A computational model to measure how good (or bad) your puns really are.

By Seriously Science | June 17, 2014 6:00 am
Photo: flickr/Richard Masoner

Photo: flickr/Richard Masoner

Everyone likes a good pun, but what makes some puns funny, while others fall flat? It’s not enough to just substitute a word that sounds the same (aka a “homophone”); for example, which is funnier, “Be kind to your dentist because he has fillings too” or “She ate my breakfast role”? You probably said the first pun, because the meaning of the substitute word also makes sense in the context of the sentence, and it’s this second meaning that actually makes the joke funny. In this study, the authors developed a computational model that helps discriminate between punny jokes and plain old non-jokes. Which is great, because now you can scientifically prove that your boss’s jokes aren’t actually funny. And if it’s your jokes that need help, be sure to check out the list of jokes used in the study (see below). 

GraPHIA: a computational model for identifying phonological jokes

“Currently in humor research, there exists a dearth of computational models for humor perception. The existing theories are not quantifiable and efforts need to be made to quantify the models and incorporate neuropsychological findings in humor research. We propose a new computational model (GraPHIA) for perceiving phonological jokes or puns. GraPHIA consists of a semantic network and a phonological network where words are represented by nodes in both the networks. Novel features based on graph theoretical concepts are proposed and computed for the identification of homophonic jokes. The data set for evaluating the model consisted of homophonic puns, normal sentences, and ambiguous nonsense sentences. The classification results show that the feature values result in successful identification of phonological jokes and ambiguous nonsense sentences suggesting that the proposed model is a plausible model for humor perception. Further work is needed to extend the model for identification of other types of phonological jokes.”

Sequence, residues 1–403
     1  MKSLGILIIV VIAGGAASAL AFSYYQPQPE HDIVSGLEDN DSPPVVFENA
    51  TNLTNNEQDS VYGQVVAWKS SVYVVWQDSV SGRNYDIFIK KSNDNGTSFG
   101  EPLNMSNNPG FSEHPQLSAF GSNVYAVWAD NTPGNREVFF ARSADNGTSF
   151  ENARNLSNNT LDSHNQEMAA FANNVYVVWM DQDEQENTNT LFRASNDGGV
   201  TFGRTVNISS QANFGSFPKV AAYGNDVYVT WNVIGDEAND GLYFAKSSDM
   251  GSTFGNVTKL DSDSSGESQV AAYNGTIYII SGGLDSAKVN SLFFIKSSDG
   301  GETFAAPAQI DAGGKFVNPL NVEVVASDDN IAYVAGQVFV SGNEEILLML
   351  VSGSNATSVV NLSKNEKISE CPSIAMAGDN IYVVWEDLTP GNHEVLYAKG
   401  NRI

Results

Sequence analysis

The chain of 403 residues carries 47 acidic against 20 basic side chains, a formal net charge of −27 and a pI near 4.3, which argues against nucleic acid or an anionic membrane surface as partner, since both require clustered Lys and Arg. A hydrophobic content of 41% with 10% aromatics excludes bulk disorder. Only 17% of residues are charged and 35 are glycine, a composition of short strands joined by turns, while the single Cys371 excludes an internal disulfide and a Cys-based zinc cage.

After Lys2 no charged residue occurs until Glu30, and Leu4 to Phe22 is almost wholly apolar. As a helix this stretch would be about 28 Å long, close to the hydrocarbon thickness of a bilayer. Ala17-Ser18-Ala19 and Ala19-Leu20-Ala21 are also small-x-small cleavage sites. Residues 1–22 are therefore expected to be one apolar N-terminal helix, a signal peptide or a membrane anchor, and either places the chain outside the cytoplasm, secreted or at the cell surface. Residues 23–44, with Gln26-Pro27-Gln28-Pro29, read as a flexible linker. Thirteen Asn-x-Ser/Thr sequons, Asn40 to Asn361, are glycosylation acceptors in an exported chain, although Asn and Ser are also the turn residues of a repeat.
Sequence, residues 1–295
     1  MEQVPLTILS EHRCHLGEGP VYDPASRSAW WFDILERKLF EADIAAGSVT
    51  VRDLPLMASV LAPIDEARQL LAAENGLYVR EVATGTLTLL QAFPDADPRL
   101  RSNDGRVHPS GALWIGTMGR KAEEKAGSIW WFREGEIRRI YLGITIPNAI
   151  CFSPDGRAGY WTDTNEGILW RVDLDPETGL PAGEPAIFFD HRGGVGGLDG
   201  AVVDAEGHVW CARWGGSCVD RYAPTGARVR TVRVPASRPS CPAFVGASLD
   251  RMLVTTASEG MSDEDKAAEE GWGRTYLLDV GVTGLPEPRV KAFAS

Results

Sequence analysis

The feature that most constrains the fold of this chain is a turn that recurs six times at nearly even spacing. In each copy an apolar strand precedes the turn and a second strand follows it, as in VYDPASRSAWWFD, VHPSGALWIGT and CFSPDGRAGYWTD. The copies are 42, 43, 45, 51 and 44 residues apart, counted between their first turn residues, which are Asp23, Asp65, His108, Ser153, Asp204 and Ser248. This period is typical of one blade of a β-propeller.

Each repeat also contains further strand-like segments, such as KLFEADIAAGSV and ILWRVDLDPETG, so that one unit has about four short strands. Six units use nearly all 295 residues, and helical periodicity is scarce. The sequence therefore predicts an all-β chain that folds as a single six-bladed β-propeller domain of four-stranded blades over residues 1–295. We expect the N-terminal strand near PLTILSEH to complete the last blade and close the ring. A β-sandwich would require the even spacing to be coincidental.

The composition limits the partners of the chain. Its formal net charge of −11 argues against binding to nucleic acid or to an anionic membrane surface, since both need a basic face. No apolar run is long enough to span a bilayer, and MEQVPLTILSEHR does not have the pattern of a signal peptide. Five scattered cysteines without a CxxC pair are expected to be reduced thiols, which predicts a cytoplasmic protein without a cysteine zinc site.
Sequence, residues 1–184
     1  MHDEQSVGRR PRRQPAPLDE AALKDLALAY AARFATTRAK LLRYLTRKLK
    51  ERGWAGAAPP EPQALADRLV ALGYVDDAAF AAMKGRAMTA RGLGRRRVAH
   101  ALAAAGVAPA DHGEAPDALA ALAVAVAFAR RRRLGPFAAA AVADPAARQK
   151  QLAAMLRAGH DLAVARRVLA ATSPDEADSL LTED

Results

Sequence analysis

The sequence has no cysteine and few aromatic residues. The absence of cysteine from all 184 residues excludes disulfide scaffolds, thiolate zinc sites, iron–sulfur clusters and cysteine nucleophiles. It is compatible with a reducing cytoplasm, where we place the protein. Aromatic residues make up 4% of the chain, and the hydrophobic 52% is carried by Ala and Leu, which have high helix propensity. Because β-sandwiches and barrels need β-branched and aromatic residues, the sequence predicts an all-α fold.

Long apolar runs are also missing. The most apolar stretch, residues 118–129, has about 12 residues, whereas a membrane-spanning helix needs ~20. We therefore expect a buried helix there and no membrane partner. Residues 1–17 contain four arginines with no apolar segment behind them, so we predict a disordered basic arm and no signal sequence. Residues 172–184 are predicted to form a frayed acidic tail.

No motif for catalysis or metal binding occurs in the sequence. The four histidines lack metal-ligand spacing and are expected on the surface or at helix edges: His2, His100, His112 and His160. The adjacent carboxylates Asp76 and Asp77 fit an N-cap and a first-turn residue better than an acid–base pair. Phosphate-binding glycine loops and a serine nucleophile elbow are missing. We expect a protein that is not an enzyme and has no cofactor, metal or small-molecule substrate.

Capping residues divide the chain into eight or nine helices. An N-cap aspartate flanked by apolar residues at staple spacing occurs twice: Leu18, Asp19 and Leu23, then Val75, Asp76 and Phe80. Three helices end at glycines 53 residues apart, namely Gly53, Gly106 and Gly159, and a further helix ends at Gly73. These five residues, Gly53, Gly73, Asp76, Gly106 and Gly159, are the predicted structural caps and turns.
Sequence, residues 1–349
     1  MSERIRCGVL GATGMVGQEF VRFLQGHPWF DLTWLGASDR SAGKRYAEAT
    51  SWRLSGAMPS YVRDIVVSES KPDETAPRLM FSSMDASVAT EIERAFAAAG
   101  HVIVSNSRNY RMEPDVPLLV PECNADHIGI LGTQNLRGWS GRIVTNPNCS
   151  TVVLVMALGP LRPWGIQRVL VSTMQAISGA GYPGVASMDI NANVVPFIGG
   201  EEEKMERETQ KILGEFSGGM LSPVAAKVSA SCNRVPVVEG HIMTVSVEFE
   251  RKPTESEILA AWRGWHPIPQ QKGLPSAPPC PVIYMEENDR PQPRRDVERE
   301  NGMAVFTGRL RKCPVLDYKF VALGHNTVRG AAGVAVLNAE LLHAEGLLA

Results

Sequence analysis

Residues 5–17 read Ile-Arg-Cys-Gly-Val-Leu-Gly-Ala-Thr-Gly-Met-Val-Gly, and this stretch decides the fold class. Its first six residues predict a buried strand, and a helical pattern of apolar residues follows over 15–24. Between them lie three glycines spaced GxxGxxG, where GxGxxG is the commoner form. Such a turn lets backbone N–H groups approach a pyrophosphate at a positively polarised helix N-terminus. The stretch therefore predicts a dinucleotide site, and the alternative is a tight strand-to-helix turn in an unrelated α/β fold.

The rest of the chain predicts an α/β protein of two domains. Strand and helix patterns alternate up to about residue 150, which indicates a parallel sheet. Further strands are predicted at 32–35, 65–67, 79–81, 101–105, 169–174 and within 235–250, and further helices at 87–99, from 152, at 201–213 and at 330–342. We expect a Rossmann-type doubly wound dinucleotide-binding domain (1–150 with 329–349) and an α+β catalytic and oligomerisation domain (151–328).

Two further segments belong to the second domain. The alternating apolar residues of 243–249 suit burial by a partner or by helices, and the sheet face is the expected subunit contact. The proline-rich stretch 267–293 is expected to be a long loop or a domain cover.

Bonus excerpt from the main text:

List of jokes
[Pisa] Italian building inspectors in Pisa are leanient.
[Criminal] A criminal’s best asset is his lie ability.
[Dentist] Be kind to your dentist because he has fillings too.
[Gold] You can make gold soup by putting in 24 carrots.
[Atheism] Atheism is a non-prophet organization.
List of ambiguous sentences
[Car] The car’s mane was very shrewd.
[Key] When they found the key a kettle bloomed.
[Steel] A blue steel waited calmy.
[Breakfast] She ate my breakfast role.
[Cruise] The cruise finished construction on the building.
[Flee] There was a flee on the dog’s back.
List of normal meaningful sentences
[Werewolf] Werewolves are fictitious creatures like elves.
[Deer] Not all animals are as agile and graceful as a deer.
[Bee] A bee stung her on the cheek.
[Plate] She washed the plates with soap and water.
[Cabbage] Cabbages are like lettuce because they are both vegetables.

Related content:
NCBI ROFL: Worst practical joke ever.
NCBI ROFL: Dying with laughter…literally.
NCBI ROFL: The evolution of humor from male aggression.

CATEGORIZED UNDER: analysis taken too far
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Seriously, Science?, formerly known as NCBI ROFL, is the brainchild of two prone-to-distraction biologists. We highlight the funniest, oddest, and just plain craziest research from the PubMed research database and beyond. Because nobody said serious science couldn't be silly!
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